Wall Street: The next gen of hedge fund leaders

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Morning! Michelle Abrego here. Founders of the largest hedge funds are eyeing their legacy and appointing their successors.

Before we dive into that, also on deck is a VC with a novel approach, what investors should know about President Joe Biden's surprise move to reclassify cannabis, and the latest on Credit Suisse.

And we have some breaking news this morning: Former Fed chair Ben Bernanke and professors Douglas Diamond and Philip Dybvig were awarded the Nobel Prize in economics for their research on banks and financial crises

Now, let's get this week started! 

If this was forwarded to you, sign up here. Download Insider's app here.

Ray Dalio speaks at the MarketWatch Best New Ideas in Money Festival in New York on September 21, 2022.

1. Hedge funds aren't typically known for succession planning. Billionaire Leon Cooperman converted Omega Advisors into a family office because he didn't want to spend the rest of his life "chasing the S&P 500" for investors. David Tepper returned investors' money when he decided he wanted to focus on managing his NFL team, the Carolina Panthers. 

But last week, Ray Dalio bucked that trend and handed off the biggest hedge fund in the world to a team he's been carefully crafting for years. It looks like he might not be the only billionaire hedge fund founder thinking, "Why can't this live beyond me?" 

It shows how much the $4 trillion industry has matured and how big investors are betting on the investing machines behind the big-name founders.

This summer, Bill Ackman named a new chief investment officer, 37-year-old Ryan Israel, who Ackman said would take on the portfolio if he was to be hit by "a pie truck." Ken Griffin has recently told Bloomberg that if the opportunity arises, he'd pursue a stint in politics and is ready to hand over the reins of $50 billion Citadel. 

Read Alyson Velati's report, where she highlights the next generation of leaders that are being teed up to lead some of the biggest hedge funds. 

In other news:

A baby in a suit representing young investment bankers on Wall street crying at a desk with a downward stocks arrow.

 2. Young bankers on Wall Street have had it easy for years — but they're about to face a bloodbath as the stock market sinks and layoffs loom, Insider's Linette Lopez reports.

3. Credit Suisse offered to buy back around $3 billion in bonds, boosting its beat-up stock price on Friday morning. The Swiss bank is set to undergo a radical overhaul and its questionable financial health has made many investors jittery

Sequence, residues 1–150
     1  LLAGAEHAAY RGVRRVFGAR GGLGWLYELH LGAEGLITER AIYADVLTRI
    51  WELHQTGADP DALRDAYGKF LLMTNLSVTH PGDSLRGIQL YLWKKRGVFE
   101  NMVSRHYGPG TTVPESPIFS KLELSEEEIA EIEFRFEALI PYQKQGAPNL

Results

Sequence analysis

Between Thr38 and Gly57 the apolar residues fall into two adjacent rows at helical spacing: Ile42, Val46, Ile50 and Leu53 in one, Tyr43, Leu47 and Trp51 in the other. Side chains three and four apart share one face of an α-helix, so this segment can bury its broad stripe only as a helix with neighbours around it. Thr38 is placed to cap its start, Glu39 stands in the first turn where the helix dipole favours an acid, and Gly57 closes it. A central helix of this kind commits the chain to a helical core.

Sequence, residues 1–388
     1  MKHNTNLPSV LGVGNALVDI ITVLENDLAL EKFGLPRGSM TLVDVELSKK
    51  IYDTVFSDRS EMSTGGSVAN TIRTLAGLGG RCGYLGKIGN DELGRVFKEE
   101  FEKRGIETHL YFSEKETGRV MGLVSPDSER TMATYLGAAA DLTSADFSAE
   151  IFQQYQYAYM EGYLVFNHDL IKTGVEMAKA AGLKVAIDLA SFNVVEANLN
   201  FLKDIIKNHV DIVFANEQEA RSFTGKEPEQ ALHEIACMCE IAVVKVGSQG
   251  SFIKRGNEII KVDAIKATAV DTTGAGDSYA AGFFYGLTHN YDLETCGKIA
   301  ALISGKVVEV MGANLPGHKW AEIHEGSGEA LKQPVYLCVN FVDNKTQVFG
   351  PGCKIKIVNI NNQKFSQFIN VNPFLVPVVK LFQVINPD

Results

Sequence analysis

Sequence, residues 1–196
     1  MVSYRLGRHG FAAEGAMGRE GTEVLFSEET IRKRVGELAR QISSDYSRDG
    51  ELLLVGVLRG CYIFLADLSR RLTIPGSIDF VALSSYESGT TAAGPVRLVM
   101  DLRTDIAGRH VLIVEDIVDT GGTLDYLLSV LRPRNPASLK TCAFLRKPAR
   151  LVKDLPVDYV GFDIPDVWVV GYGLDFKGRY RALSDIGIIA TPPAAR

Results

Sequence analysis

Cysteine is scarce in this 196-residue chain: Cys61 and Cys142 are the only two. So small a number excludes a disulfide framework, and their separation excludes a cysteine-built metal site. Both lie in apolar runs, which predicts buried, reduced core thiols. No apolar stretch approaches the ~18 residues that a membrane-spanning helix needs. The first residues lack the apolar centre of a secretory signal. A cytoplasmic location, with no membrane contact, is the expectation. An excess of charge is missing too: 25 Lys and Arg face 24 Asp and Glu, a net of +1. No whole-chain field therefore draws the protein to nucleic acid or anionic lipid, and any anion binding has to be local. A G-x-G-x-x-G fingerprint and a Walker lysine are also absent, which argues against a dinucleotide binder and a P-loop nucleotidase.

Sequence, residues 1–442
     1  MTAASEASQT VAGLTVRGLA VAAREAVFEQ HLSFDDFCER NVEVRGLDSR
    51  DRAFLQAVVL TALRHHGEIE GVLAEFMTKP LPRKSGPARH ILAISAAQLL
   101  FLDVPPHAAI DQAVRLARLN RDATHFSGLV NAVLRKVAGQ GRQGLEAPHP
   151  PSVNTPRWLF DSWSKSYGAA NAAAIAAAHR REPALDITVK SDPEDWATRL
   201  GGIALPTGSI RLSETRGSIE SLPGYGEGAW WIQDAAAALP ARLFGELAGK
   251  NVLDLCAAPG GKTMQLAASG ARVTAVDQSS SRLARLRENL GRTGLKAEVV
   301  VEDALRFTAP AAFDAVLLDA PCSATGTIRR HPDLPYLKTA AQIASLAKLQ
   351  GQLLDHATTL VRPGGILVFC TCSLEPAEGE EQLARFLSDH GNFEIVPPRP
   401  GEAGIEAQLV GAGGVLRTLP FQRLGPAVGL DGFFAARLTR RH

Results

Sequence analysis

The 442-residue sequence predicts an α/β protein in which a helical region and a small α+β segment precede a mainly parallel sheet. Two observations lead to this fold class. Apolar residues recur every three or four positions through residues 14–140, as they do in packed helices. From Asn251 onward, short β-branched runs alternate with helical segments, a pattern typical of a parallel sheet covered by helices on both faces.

4. President Joe Biden sent shockwaves through the cannabis industry last week, announcing that his administration is taking critical steps to limit the federal prohibition of marijuana. This could supercharge the industry around weed, but it also carries big risks for companies and investors.

5. Speaking of hedge fund founders with side projects, Steve Cohen is increasingly spending more time throwing money at making his New York Mets into a baseball powerhouse. He's not showing any signs of giving up power at his $26 billion fund, Point72, despite the fact it's lagging behind its peers, according to Bloomberg. 

6. Wall Streeters that migrated down to Florida and bought themselves a plot of land might be experiencing a little bit of buyer's remorse. Homeowners are facing rising insurance costs and shrinking property values.

7. An ETF shorting Jim Cramer might be coming to market. Tuttle Capital filed to launch a fund that would track the stock recommendations made by the "Mad Money" host on CNBC as well as on Twitter. 

8. BlackRock has launched an attempt to "set the record straight" on claims it's boycotting the energy industry. GOP-led states have penalized it for its sustainable-investing focus. Just days after Louisiana announced it is divesting all its Treasury funds from the money management giant, a new webpage has emerged

9. That famous spicy rigatoni from Carbone wasn't enough to help keep the star-studded Manhattan restaurant's Michelin stars. It wasn't the only high-profile New York City classic that was stripped of the designation, steakhouse Peter Lugar and seafood destination Marea have also been cut.

10. The Supreme Court kicked off arguments last week. Here are the 38 lawyers who will be who will help them pick cases, think them through, and draft opinions for the next nine months.

Keep updated with the latest business news throughout your day by checking out The Refresh from Insider, a dynamic audio news brief. Listen here.

Edited by Jeffrey Cane (tweet @jeffrey_cane) in New York and Lisa Ryan (tweet @lisarya) in London.  

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